Page Type Page Type: Mountain/Rock
Location Lat/Lon: 33.21930°N / 109.367°W
Additional Information County: Greenlee
Activities Activities: Hiking, Scrambling
Seasons Season: Spring, Summer, Fall, Winter
Additional Information Elevation: 7951 ft / 2423 m
Sign the Climber's Log


Mitchell Peak is a remote, brush-covered mountain located in central Greenlee County in far-eastern Arizona. Scenic US-191 (The Coronado Trail) runs north-south through the county, connecting the towns of Clifton and Alpine, and is one of the state's most scenic drives. Mitchell Peak is the highest summit of the collections of peaks that surround Clifton, the Greenlee county seat and home to one of the largest open-pit mines in the world, at Morenci. The highway gets very close to the summit, which is good because the actual hike is very brushy and slow-going, covering about 2 miles round trip and about 600 feet of gain (including some drops and regains). Most people will be content to slowly drive right by Mitchell Peak while enjoying the remarkable scenery along the highway, but peakbaggers may want to hike it for its prominence of 1,831 feet, ranking it in the top 100 in Arizona. The peak and most of the road are located on Apache-Sitgreaves National Forest lands.

It would be silly to make this one peak your main destination. It should be done as part of a trip through the area. The actual hike will probably take just a couple hours. Surely, you will want to stop and ogle at the mines at Morenci if coming up from Clifton: Freeport McMoran Copper and Gold Mining, Morenci Arizona. Also, another prominent summit, Rose Peak, is a fun 45-minute hike up a trail, located 25 miles north of Mitchell Peak. These two peaks make for a good day's hiking effort, breaking up the drive nicely.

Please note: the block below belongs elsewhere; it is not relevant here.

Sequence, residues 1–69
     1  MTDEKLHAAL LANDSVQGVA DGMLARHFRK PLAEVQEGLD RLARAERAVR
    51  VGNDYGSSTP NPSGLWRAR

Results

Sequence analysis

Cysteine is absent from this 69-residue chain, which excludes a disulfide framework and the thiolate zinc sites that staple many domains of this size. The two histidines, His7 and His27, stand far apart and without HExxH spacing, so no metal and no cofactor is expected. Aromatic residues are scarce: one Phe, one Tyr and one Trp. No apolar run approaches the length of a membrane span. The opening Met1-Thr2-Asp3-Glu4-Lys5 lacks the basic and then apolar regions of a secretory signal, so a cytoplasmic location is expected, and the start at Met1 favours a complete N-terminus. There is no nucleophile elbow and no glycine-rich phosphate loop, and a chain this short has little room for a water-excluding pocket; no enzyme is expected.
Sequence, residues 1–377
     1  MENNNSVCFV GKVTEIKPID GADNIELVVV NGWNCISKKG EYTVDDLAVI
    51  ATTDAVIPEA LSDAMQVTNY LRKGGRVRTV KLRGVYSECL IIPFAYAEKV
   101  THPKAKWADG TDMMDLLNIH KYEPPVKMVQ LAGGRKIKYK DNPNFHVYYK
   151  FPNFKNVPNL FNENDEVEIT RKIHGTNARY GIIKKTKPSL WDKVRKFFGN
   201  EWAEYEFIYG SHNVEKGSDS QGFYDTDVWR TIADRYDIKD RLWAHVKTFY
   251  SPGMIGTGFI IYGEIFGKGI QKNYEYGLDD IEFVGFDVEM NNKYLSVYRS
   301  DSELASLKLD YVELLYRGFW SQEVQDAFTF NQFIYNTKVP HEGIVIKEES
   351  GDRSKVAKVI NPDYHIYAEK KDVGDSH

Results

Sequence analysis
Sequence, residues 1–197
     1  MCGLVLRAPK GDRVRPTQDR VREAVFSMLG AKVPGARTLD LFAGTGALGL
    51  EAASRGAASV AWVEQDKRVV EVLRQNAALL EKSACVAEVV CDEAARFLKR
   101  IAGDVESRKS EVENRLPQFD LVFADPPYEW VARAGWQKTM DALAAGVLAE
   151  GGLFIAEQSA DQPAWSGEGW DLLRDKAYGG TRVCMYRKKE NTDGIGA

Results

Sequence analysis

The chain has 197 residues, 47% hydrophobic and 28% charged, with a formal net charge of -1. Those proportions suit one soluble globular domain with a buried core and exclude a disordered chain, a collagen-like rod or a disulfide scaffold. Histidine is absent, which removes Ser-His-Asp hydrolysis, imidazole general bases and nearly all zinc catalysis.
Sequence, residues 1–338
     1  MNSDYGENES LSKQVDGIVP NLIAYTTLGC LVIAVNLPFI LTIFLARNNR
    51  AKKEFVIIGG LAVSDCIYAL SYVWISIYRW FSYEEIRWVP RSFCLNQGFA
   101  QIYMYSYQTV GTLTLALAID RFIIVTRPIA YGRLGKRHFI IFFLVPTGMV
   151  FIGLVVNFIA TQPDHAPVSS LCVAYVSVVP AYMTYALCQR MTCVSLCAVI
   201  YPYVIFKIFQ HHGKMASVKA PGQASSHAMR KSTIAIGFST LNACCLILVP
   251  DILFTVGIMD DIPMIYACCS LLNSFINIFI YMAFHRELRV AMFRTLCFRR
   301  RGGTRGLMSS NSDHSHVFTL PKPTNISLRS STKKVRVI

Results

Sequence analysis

There are numerous hiking, horseback, 2-wheel drive and 4-wheel drive roads, and in winter, cross-country skiing trails in the region. During summer, Greenlee County is usually very pleasant compared to the baking deserts down below. However, it is so far from the major population centers that it is rarely crowded. Motorcyclists love the highway for its twists and turns. Traffic is light: we saw at most 4 or 5 other vehicles on our day trip up US-191 from Clifton to Hannagan Meadow.

Mitchell Peak AZ
Mitchell Peak

Getting There

Mitchell Peak AZ
View of US-191 from the ridge overlooking it.

From Phoenix, follow US-60 through Globe, then catch US-70 to Safford. Past Safford, US70 and US-191 merge, then split, US-191 going northeast through the Black Hills, then dropping into the Gila River Valley at the community of Three Way. Turn left, staying on US-191, and drive another 15 miles into Clifton.

From Tucson, follow Interstate-10 east to Willcox, then follow US-191 north into Safford, and from there, into Clifton.

Clifton is the only town of notable size in Greenlee County, a town built solely to service the huge mines. Clifton is built into a canyon, and is so narrow in places that many buildings abut the canyon walls directly. Many buildings are authentic from the town's founding in 1873. There is an enjoyable raggedness to Clifton: this is what a real, functioning mining town looks like.